Gordon Monson: The Utah Jazz currently are the world’s best basketball team. Here’s why they might get better.

This team is winning with a specific intention — to go deep into the NBA playoffs. So nobody is satisfied, but happiness abounds.

(Trent Nelson | The Salt Lake Tribune) Jazz coach Quin Snyder as the Utah Jazz host the Minnesota Timberwolves, NBA basketball in Salt Lake City on Saturday, Dec. 26, 2020.

Fill in the missing word in the following sentence:

Quin Snyder always wanted the Jazz to play ____ basketball.

Let’s see … good? … no, too bland … team? … no, too obvious … unselfish? … no, not comprehensive enough … smart? … no, Einstein never won a title … ferocious? … no, this isn’t an MMA fight … beautiful? … no, too much variation left in the eye of the beholder.

Strange enough, the word is …. happy.

That’s right … happy basketball.

What exactly is that?

Well. It’s not limited to what Joe Ingles described after a win the other night: “This is a really fun group to play with. We work hard and we have fun out there on the court. … We play for each other. It’s a really cool group.”

OK, they’re the freaking Fun Bunch.

But it’s bigger than just that.

It’s true that the Jazz are playing with a smile on their hearts, if not on their mugs. And yet, theirs is not the kind of happy you might automatically think of. The Jazz aren’t skipping through a park. They aren’t getting all giddy and goofy and giggly. They’re not LOLing.

They’re doing something much better. They’re winning.

Winning with a specific intention.

They’re recognizing what they have to do to be successful, individually and together, and they’re easily willing to do it. They’re relying on each other on attack, passing the ball in a timely manner, jacking up shots when they’re open, getting into transition, and before all that, finding the sweet spot somewhere in the mix of staying between their own man and the basket and handing off and accepting additional defensive responsibilities to help others. And one more thing: They’re putting together the longest win streak in the NBA this season.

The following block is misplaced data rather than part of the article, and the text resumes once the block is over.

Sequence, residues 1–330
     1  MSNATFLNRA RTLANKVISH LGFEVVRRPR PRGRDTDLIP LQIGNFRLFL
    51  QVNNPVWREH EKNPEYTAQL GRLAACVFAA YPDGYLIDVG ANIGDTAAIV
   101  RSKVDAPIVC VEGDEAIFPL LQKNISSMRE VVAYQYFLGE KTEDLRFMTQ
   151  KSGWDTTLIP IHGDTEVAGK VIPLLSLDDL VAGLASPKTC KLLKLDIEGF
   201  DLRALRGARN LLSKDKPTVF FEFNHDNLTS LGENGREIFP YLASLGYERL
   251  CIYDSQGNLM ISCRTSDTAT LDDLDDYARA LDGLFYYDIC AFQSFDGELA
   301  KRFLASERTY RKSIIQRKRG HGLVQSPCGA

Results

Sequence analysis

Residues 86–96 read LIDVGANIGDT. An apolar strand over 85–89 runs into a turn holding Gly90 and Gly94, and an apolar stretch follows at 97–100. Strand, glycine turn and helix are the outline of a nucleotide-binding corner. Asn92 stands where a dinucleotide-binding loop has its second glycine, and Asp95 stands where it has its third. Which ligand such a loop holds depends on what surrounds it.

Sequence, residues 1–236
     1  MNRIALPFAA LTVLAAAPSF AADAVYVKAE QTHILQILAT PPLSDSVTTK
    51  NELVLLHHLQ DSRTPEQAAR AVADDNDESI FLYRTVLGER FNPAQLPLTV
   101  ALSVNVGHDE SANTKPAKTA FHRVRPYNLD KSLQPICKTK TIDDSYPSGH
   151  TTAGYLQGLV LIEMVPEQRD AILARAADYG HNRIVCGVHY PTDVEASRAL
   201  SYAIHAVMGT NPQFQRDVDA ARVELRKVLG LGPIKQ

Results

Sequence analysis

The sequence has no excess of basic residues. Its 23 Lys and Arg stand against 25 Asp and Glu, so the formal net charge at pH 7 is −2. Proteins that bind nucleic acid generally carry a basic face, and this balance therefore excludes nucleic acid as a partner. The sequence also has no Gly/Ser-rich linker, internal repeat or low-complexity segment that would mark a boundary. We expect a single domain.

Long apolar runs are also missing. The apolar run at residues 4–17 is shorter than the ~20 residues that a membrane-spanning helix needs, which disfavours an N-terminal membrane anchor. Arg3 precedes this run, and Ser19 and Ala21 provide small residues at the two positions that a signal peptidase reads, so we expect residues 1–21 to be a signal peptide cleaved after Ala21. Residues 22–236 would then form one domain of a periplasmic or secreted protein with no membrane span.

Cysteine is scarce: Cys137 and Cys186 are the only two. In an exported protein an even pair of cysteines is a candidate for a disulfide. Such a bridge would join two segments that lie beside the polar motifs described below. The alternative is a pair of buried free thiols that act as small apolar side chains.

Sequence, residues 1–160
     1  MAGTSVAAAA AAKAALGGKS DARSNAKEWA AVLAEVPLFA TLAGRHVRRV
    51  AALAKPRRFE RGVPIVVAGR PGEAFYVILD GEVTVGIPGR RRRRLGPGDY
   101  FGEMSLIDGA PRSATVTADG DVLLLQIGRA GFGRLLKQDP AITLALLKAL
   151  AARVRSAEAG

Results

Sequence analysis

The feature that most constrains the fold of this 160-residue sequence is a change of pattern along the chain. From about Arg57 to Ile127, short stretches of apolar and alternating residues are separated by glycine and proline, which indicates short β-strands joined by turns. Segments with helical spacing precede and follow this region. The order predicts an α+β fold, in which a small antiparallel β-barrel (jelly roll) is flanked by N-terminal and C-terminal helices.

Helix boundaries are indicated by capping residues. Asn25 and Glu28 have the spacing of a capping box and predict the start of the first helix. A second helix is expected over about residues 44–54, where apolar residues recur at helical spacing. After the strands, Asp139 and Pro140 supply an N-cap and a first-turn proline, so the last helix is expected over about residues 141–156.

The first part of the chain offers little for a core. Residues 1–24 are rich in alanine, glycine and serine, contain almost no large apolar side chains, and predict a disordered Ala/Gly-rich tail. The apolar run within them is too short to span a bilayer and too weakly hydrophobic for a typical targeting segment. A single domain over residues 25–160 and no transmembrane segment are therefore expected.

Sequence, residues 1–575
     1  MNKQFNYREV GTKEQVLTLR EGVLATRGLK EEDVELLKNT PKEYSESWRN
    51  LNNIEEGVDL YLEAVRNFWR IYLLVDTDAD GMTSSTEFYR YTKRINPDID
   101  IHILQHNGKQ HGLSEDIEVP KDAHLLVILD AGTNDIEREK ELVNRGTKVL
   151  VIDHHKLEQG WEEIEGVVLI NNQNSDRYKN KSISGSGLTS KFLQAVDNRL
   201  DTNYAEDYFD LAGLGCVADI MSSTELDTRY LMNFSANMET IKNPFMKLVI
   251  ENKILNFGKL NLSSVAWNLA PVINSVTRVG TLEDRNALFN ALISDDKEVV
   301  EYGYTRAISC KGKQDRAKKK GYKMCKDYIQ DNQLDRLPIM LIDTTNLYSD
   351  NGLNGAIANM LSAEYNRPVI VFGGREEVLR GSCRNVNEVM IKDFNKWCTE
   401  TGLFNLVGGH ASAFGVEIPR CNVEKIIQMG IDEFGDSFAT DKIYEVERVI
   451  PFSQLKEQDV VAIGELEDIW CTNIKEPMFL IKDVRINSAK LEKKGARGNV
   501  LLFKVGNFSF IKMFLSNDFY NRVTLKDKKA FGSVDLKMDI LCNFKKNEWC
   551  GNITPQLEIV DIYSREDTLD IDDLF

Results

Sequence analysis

The way they’re accomplishing all of that is the best part of it, the part that’s edging Snyder and his players toward collective bliss. They know if they defend, they’ll reap the rewards at the other end.

It’s as simple and lyrical and pleasing as this: Get stops, hit shots.

Happiness abounds.

“Even nights when we struggle offensively, we can still be in position to win the game,” said Rudy Gobert. “It’s really who we are. And now we understand it and embrace it more than ever. … We know when we play defense, we’re going to score.

When Snyder was asked recently about his guys regularity in taking and making 3-pointers — the Jazz rank first in the NBA in total bombs launched and second in 3-point percentage — he gave what seemed at least to the uninitiated an odd answer.

“It’s our defense,” he said, simultaneously agreeing with Gobert and tapping into a crusty coaching bromide, that explosive scoring starts with dogged resistance.

Here’s the truth then with the Utah Jazz: The inner smiles start with snarls.

At first this season, it appeared that if the Jazz didn’t dial in early on their shots, they’d lose. They had to make near 50 percent of them, or they’d get rocked. It happened against Minnesota, against Phoenix, against Brooklyn and the Knicks, when they labored against switching defenses.

But then, something else happened. They learned from that Knicks road loss. As Gobert put it, “That game was really a win.” Victory that night came in the cloak of a blown 18-point lead, when the Jazz got sleepy and sloppy with their backs to their opponent’s basket.

Rarely has that happened since.

And yeah, the offense has awakened along with it.